I've talked about a number of these issues before, but since Abel and PalMD are having some conversations (here, here, here, here, here, and here) in preparation for their session at ScienceOnline09, and since I've experienced the blogosphere on both sides of the pseudonymous line, I thought I'd pipe up.
Some good reasons (from the top of my head) to blog under a pseudonym:
- Your workplace frowns on blogging (even if you are not blogging about work at all) and you want to stay employed.
- You are a student whose advisor will equate your blogging with time not spent doing research (even though you only sacrifice the time you would otherwise have spent sleeping, eating, exercising, or otherwise attending to your physical or mental well-being to write the blog).
- You're about to go on the job market and you have no idea whether prospective employers will view blogging favorably or unfavorably.
- You are trying to get a promotion/tenure and you have no idea how the committees that will be deciding whether to promote/tenure you view blogging.
- The subject matter about which you blog is something utterly distinct from your professional identity -- and you'd like to keep it that way.*
- The subject matter about which you're blogging (say, your political or religious beliefs, your sexual identity, your body image, your substance dependance) is something you're still working through -- and you'd rather not have all the people you interact with in your day-to-day life barge in on the safe pseudonymous space in which you're trying to work it through.
- You want to be judged on the basis of what you have to say, not on the basis of who people think you are from your identifying details.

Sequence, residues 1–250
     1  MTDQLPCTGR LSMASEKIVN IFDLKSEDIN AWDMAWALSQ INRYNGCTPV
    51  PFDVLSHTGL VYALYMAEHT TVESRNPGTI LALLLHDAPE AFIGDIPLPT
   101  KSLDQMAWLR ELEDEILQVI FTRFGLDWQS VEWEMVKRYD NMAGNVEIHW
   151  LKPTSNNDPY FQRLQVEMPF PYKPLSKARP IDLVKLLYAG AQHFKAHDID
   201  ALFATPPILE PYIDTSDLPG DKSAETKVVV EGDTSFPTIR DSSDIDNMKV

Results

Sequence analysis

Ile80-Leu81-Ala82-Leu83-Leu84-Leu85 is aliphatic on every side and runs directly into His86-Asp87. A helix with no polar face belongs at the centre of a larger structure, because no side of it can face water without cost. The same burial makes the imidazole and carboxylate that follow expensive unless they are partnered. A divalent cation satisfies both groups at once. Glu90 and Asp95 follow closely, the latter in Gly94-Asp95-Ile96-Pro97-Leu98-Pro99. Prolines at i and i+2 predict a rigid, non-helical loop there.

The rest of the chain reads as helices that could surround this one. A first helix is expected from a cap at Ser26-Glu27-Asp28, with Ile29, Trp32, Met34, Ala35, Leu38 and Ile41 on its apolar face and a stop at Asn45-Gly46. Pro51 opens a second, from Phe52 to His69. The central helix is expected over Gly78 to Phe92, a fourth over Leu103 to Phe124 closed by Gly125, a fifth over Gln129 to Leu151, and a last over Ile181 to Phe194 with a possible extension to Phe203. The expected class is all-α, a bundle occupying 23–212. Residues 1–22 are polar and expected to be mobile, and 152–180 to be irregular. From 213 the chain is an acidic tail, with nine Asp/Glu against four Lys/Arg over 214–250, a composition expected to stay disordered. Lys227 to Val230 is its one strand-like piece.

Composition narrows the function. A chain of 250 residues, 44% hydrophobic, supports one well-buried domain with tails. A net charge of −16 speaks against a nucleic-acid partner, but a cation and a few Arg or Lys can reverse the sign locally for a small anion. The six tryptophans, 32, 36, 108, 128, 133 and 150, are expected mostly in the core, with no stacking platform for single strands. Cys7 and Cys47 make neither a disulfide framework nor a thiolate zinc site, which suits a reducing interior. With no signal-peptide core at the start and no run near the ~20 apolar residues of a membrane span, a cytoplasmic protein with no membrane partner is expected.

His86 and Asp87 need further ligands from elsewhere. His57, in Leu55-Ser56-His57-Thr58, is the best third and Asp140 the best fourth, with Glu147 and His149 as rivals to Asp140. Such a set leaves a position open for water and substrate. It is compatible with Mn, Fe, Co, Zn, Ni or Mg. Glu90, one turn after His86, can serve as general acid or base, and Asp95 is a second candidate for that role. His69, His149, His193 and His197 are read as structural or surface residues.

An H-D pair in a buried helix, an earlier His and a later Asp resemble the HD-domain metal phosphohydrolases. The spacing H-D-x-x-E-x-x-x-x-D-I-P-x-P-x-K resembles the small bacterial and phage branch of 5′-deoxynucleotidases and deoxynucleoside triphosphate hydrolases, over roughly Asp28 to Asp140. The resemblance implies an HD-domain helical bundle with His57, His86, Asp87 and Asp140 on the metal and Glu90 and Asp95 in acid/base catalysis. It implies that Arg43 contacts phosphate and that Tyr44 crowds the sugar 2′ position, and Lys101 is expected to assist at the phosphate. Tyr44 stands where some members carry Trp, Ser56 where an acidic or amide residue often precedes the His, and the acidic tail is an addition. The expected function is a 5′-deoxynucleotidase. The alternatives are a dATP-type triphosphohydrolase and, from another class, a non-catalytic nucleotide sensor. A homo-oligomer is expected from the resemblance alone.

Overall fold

- Blogging about what you blog about under your own name might significantly reduce your safety. (This might include doing research with animals, providing reproductive health care services, even just blogging about events in the region where you live if there's a creep stalking you.)
There are certainly ways to violate trust while blogging under a pseudonym, but people blogging under their real names can break trust with their readers, too. Trust is a tricky issue, on both the giving and receiving side.
There's no guarantee if you're blogging under a pseudonym that your real-life identity will stay secret. Technology makes the leg-work to out someone do-able (and sometimes bloggers themselves provide all too many of the necessary clues). However, I doubt that being outed is inevitable.
Of more concern to me are instances where, on the basis of a handful of clues, someone outs the wrong person as a pseudonymous blogger. If the misidentified person is asked to stand to account for what the pseudonymous blogger has written, that's not so good. If the misidentified person is harassed, that's even worse.
*For example, I work very hard to keep my views about politics, religion, and who should win Project Runway out of my teaching-interactions. Because I blog under my own name (which means my students can find my blog quite easily), I try to stay clear of these topics in my blogging. If I were still blogging under a 'nym, I wouldn't have to.